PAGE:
This commentary originally appeared at 8:47 a.m. EDT on April 16 on Real Money Pro -- for access to all of legendary hedge fund manager Doug Kass's strategies and commentaries, click here.
Yesterday I outlined the bearish case for equities in my opening missive. I extracted multiple concerns into one big one:
If we distill my multiple concerns into one concern, it is the more difficult earnings backdrop that should become increasingly apparent to market participants in the near term. Given that the growth in nominal U.S. GDP is trending at under 4%, corporations have little in the way of pricing power. And with profit margins at all-time highs and nearly 70% above the mean levels achieved in the last seven decades, earnings forecasts are threatened based on slowing top-line growth and a likely mean reversion in margins.
Later in the day I also highlighted four important divergences (oil prices, gold prices, the EUR/USD cross and the 10-year yield) with the S&P 500 that suggested that the U.S. stock market would likely catch up with the other declines.
The drop of some of those four variables is likely a function of a downward recalibration of global growth expectations over the past month.
There is, however, a potential silver lining to lower oil and other commodities prices that I wanted to examine this morning. (Note: Yesterday, the two most commonly followed commodity price indices dropped by over 2.5%, led by a 7-8 standard deviation drop in precious and base metal prices.)
To date, as Jim "El Capitan" Cramer has recently pointed out, the broad decline in commodities (e.g., oil prices) has created a bubble in safety -- namely, in stocks such as Procter & Gamble (PG), PepsiCo (PEP), Clorox (CLX), Coca-Cola (KO), Colgate-Palmolive (CL). I own several of these bubblicious defensive consumer staples stocks that have, owing to a near parabolic share price move, become offensive in certain ways.
As of the end of last week, more than 70 consumer stocks made 52-week highs on the NYSE. I have tracked data on this subject personally for over 20 years, and this is a very strong number, easily in the 98th percentile of over 1,000 observations. This is a very broad market move in the defensive sector despite all the angst generated by the press, the E.U., North Korea and Washington, D.C. I sense something of significance may be happening that is not being watched closely. If I am right, a new up-leg in economic growth is possible later in the year, which could partially deflect my fears of a recession (expressed in yesterday's opener).
My background is in finance and economics.
The dismal science has laws, but they get broken. The first you learn is the law of supply and demand. Since 1973, it has not functioned well in oil markets. Another law is that, in the fullness of time, cartels eventually do not work. That law also has not functioned well, as OPEC has survived over several generations.
As you read this, keep in mind that I am not an oil economist (nor am I even a decent investor in oil-related equities). As a sometime consumer specialist, however, I have had to observe oil prices and understand their impact on consumer behavior.
Nothing impacts consumer spending faster than change in price at the gas pump.
In 1973, OPEC announced its oil embargo, and the price of crude tripled. For almost 40 years, oil prices have included an oligopoly rent from OPEC (also called political uncertainty), which has trumped the law of supply and demand.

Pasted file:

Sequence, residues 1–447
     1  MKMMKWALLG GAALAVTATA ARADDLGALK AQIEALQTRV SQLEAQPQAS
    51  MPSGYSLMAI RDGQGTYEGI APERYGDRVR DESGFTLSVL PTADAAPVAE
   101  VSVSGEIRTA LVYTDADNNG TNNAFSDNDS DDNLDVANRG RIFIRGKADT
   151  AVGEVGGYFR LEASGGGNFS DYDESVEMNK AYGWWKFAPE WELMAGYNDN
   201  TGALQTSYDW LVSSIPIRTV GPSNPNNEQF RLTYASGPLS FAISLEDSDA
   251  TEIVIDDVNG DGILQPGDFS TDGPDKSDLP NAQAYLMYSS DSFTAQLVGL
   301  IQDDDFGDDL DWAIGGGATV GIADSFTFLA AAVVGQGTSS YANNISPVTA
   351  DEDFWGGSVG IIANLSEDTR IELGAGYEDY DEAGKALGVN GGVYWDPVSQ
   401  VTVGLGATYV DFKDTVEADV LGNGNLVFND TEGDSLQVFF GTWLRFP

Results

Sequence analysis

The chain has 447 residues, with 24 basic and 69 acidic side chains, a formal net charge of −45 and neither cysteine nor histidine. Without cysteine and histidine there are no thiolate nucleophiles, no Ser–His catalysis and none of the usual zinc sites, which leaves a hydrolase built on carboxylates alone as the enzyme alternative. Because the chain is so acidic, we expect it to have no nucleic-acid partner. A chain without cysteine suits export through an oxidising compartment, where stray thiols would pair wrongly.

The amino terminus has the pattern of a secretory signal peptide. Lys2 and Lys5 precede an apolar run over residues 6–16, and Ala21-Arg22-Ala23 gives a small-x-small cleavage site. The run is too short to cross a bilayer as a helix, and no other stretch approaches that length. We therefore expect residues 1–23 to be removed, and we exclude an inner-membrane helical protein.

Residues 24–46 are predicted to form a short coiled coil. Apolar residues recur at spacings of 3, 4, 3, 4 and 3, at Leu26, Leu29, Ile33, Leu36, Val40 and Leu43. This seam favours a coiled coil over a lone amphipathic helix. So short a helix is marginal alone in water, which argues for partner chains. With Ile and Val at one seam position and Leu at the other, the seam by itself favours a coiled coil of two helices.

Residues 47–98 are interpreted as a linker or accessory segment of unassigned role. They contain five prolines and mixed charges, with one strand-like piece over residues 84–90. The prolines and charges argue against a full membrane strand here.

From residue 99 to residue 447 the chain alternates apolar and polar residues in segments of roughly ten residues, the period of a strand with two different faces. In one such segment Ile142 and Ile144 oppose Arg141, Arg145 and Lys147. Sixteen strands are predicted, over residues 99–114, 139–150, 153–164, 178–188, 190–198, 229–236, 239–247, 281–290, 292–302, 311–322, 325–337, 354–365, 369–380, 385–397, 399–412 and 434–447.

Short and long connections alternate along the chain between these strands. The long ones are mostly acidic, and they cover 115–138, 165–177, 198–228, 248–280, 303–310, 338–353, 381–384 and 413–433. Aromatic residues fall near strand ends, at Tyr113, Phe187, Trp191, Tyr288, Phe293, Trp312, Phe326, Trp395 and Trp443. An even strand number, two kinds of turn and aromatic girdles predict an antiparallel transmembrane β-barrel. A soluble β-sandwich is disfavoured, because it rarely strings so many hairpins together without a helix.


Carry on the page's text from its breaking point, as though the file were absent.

The cartel's influence may now be finally breaking down.
Today, with WTI down to $88 a barrel, gas prices are below year-ago levels, serving to provide the consumer with a tax cut. Chinese demand is ebbing, perhaps due to concern about horrendous pollution. Cars are growing more fuel-efficient. Plus, there are other, larger factors at work:
- New supply is developing due to the fracking boom that has increased supply of U.S. crude as well as natural gas. The collapse in price of tankers ($170,000 a day at peak to $7,000 a day now) confirms that less oil is being transported globally.
- Several producers of oil are now in a mode of having to produce. This includes Russia, Saudi Arabia (which must support a growing welfare state for its youth), Iran (where a lot of its oil is embargoed), Iraq (which needs cash) and Venezuela (which also needs cash). Indeed, it is hard to find a member of OPEC that is not motivated to produce.
- Commodity investors have had a boom in the last 15 years. That may be ending. Gold is in a bear market. Gold investors may be getting margin calls forcing them to liquidate other commodity pools (which have huge weightings to oil). This creates a vicious cycle, forcing oil and other commodities down. (In just the past two weeks, commodity indices used at The Economist are down by over 7%. That may not seem like a lot unless you have 5x margin, which you can in some of these contracts.)
Oil is still far above the point of zero marginal production price. The price of crude might have a lot further to go, and, in the short run, prices can go below the cost of production.
The law of supply and demand may start to apply to oil, and OPEC may be all over. Both, at least in the intermediate term, would be bullish for the U.S. economy -- the consumer sector will be delivered with a tax cut and corporations' profit margins could be buoyed. It could also be seen as a negative for the bond markets as lower commodities revive economic growth.
There is a silver lining.